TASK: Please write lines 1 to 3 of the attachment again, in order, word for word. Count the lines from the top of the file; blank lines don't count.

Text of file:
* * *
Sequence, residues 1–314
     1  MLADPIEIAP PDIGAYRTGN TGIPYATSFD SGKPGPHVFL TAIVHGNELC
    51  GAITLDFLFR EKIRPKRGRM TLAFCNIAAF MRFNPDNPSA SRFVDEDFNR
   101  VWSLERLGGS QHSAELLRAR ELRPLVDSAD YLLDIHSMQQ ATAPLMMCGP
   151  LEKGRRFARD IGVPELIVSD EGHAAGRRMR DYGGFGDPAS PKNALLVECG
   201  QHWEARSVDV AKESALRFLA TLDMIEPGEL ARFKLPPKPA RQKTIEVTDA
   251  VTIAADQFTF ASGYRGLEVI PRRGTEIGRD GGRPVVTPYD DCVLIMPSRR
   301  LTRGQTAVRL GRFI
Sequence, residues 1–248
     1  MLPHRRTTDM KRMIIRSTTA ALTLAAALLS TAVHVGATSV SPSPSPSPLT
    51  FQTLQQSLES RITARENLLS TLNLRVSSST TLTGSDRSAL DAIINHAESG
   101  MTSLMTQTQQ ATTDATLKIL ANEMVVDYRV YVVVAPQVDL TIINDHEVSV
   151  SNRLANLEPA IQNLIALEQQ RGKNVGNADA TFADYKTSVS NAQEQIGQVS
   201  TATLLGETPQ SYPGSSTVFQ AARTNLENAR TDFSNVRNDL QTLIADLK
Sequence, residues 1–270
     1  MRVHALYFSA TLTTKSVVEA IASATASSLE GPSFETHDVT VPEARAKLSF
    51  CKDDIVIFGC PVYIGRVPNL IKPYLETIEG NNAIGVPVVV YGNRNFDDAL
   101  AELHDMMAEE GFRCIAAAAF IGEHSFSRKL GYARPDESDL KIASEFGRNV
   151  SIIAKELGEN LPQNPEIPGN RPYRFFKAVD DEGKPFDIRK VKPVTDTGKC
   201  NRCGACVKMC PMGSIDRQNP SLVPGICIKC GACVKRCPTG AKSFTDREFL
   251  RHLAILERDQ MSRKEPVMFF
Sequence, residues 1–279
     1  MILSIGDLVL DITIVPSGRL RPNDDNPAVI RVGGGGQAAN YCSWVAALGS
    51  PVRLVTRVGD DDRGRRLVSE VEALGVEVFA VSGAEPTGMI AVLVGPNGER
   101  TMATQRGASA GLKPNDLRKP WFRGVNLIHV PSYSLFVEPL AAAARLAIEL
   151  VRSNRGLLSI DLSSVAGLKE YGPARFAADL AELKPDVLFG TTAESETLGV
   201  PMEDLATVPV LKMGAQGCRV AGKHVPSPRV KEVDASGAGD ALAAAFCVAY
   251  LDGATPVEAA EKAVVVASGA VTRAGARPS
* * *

Sequence, residues 1–314
     1  MLADPIEIAP PDIGAYRTGN TGIPYATSFD SGKPGPHVFL TAIVHGNELC
    51  GAITLDFLFR EKIRPKRGRM TLAFCNIAAF MRFNPDNPSA SRFVDEDFNR